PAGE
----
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Some Des Moines restaurants losing money from delivery apps

May 26, 2019

DES MOINES, Iowa (AP) — A simple swipe on a mobile app can bring an endless buffet of foods to your door.

Under pressure to meet customers’ growing demand for delivery, many local restaurants are turning to third-party services like Uber Eats and Grubhub.

But those services come with fees that some restaurant owners say are cutting into their bottom lines.

“There is a downside: They take 30% commission,” Lesley Rish, owner of Dumpling Darlings, who offers delivery through Grubhub, told The Des Moines Register. “It’s hard for restaurants to make a profit.”

Papa Keno’s, the six-month-old Drake neighborhood pizzeria, has its own fleet of delivery drivers. But owner Alec Davis also contracts with Grubhub to reach new customers who are used to turning to the delivery app for their meals.

The restaurant breaks even on most orders placed through Grubhub, he said.

“I don’t think we make a whole lot of money or anything on it, but that’s not our strategy right now,” Davis said.

But for Orchestrate Hospitality, which owns several long-established restaurants in the Des Moines metro, third-party delivery has been profitable and it’s become a major part of the company’s businesses, President Paul Rottenberg said.

Delivery can account for up to 10% of sales at some locations, he said.

Orchestrate started offering Grubhub delivery at Malo, the company’s upscale Latin restaurant in downtown Des Moines, more than a year ago. It then expanded delivery to other locations such as Centro and Django. The company recently added delivery through Door Dash, another third-party app.

Delivery fees cut into the company’s margins, but third-party services attract customers who may otherwise never step foot inside the company’s restaurants, Rottenberg said.

Zombie Burger + Drink Lab will soon be able to send out several hundred delivery orders.

“It’s profitable for us,” Rottenberg said. “If your restaurant is already successful it makes sense to use the services. It’s not a way to make your restaurant successful because the fees are so strong.”

Jessica Dunker, president and CEO of the Iowa Restaurant Association, said third-party delivery is part of a sea change for restaurants.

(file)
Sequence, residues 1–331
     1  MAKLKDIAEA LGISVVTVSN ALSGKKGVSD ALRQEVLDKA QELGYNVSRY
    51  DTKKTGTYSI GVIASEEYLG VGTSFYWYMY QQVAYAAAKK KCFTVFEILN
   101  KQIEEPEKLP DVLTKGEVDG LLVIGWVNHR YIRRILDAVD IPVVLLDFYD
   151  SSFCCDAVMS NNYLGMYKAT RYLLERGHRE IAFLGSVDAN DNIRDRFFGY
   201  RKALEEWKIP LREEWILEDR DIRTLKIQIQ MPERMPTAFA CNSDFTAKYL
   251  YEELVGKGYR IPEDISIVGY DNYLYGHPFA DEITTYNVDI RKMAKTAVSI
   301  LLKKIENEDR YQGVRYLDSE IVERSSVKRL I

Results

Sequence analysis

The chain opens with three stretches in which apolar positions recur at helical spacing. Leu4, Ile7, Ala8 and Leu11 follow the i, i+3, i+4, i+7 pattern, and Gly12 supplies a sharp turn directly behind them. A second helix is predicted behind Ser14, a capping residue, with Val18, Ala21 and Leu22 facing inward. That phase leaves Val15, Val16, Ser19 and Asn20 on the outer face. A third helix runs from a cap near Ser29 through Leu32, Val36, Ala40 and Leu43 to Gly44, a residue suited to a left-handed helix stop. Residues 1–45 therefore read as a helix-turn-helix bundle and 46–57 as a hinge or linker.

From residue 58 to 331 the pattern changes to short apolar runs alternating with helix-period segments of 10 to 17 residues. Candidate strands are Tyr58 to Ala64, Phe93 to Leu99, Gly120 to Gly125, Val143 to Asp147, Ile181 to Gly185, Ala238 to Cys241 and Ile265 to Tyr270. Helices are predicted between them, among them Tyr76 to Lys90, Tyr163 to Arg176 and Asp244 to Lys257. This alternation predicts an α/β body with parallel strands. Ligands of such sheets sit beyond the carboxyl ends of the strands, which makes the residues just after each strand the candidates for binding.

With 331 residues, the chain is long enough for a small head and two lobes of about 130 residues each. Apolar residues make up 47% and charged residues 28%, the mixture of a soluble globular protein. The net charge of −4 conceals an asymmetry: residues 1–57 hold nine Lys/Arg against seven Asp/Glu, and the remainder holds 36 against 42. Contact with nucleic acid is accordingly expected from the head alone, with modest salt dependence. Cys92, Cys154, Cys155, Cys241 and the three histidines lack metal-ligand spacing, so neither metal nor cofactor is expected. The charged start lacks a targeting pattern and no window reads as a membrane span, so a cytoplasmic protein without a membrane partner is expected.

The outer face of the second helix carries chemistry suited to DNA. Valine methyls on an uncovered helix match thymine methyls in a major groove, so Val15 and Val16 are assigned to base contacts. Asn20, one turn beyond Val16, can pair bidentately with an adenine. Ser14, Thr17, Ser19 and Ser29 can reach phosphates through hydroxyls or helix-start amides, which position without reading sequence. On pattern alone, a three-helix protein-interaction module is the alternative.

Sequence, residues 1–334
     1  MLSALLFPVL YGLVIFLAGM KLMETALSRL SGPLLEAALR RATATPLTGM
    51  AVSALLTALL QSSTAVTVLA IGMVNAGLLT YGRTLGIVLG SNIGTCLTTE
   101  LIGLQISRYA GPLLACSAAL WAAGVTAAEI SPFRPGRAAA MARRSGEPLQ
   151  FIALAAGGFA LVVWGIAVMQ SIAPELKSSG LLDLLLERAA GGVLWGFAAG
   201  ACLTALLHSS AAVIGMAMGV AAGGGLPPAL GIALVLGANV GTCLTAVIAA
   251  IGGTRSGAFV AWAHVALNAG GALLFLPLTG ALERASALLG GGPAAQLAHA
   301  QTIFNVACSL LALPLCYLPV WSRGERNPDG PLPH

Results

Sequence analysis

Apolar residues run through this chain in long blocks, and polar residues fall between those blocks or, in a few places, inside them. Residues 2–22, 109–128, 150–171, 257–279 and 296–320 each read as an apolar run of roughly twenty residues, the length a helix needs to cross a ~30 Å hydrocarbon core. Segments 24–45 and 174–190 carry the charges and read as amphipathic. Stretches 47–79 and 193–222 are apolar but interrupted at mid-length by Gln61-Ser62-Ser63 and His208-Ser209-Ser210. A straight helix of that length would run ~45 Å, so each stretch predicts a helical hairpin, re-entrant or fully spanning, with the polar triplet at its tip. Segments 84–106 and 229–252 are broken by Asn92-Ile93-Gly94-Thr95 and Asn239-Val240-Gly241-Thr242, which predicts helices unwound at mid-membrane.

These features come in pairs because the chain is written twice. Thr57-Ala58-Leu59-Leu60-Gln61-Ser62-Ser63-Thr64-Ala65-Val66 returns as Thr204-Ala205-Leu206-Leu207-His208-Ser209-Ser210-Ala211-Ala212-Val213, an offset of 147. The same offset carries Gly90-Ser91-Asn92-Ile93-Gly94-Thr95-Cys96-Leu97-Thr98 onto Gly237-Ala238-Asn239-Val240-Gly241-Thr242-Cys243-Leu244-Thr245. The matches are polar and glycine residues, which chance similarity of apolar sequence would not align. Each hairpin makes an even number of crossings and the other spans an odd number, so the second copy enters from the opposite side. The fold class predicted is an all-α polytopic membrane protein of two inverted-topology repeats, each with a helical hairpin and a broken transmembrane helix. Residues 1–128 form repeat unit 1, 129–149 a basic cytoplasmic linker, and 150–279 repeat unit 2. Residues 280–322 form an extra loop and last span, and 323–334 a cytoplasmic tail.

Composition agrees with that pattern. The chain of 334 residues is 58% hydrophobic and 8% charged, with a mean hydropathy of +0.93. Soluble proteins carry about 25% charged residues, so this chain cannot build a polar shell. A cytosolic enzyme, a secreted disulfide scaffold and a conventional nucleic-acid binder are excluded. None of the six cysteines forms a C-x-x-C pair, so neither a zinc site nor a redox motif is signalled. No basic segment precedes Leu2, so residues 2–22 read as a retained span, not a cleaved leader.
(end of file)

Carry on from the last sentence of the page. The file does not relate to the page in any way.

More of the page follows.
“We as an industry are on the cusp of a major disruption,” she said. “Like what Uber did to taxis and Airbnb to hotels, we have to be on the precipice of something similar.”

In Des Moines, a growing number of third-party delivery apps are vying to be the top choice for hungry eaters. Door Dash, Food Dudes, Mytown2go, Postmates, Seamless, Grubhub and Uber Eats are just a few of the options, and they’re recruiting as many restaurants as possible.

In the last five years, revenue from deliveries jumped 20%, and the overall number of deliveries increased 10%, according to The NPD Group. Much of that has been driven by young consumers who are opting to eat at home.

Nearly half of takeout and delivery customers nationwide are under 35, according to a 2019 report from the National Restaurant Association.

In Iowa, the number of people choosing to eat from home grew in 2018 with 39% opting for carry out, 22% drive thru and 3% delivery, according to a 2019 report from the Iowa Restaurant Association.

Third-party delivery fees vary by company and by restaurant, but they often account for 20 to 30% of each food order, local restaurant owners said. A pricing example on Grubhub’s website shows the delivery company collecting $14 in fees on a $44 order — about 30%.

That’s hard for a restaurant that already operates on narrow profit margins. Dunker said many Iowa dining establishments earn about 5% net profit.

“That being said, you have to do it and you have to do it because consumers demand it and it’s where the market is going,” she said.

For Justin Hawkins, 24, of Des Moines, delivery is a matter of convenience. He uses UberEats or Grubhub to have food delivered while at work. He said he uses the service around five to six times a month.

The cost per meal with fees can be around $15 to $25 depending on how much food he orders and where he’s ordering from, Hawkins said. The wait for delivery in the Des Moines metro is typically around 40 minutes, but never less than 30 minutes, he said.

Firehouse Subs is one of his favorite place to order from, but he’s never stepped foot inside on of Firehouse’ restaurants.

“I like the convenience and it’s super reliable too,” Hawkins said.

More young people like Hawkins will drive restaurants to move toward delivery, Dunker said.

The ideal situation for restaurants is to deliver their own food, which ensures profits stay with the owner and the food quality is consistent, like pizza or Chinese restaurants. However, most people can’t afford enough staff to make it sustainable, Dunker said.

In the future, restaurants may join together to create coalitions, like an East Village or Court Avenue group to try and work together to make delivery profitable, Dunker said.

Technology may be the answer as well, with temperature-controlled driverless cars delivering food.

Until then, the relationship between delivery services and restaurants will be in flux.

“In the next couple years, something’s going to give and there will be a great delivery solution that we’ll see people do,” Dunker said. “Delivery will be ubiquitous in almost every kind of restaurant.”

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Information from: The Des Moines Register, http://www.desmoinesregister.com

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